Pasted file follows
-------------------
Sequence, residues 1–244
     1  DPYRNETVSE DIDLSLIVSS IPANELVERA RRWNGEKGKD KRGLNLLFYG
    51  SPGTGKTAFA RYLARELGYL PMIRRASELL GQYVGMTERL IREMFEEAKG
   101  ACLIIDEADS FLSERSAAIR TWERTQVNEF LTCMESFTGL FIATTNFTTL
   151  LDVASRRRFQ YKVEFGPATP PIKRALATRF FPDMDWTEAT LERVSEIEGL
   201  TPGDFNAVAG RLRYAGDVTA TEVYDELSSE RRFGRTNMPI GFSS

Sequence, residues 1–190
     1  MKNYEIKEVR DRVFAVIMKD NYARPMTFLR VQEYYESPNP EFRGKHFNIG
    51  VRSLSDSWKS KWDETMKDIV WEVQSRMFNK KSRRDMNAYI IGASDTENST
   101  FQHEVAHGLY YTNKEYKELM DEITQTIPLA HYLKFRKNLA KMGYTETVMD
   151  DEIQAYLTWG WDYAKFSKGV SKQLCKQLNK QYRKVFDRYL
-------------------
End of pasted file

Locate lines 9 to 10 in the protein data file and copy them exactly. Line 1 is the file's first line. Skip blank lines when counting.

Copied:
    51  VRSLSDSWKS KWDETMKDIV WEVQSRMFNK KSRRDMNAYI IGASDTENST
   101  FQHEVAHGLY YTNKEYKELM DEITQTIPLA HYLKFRKNLA KMGYTETVMD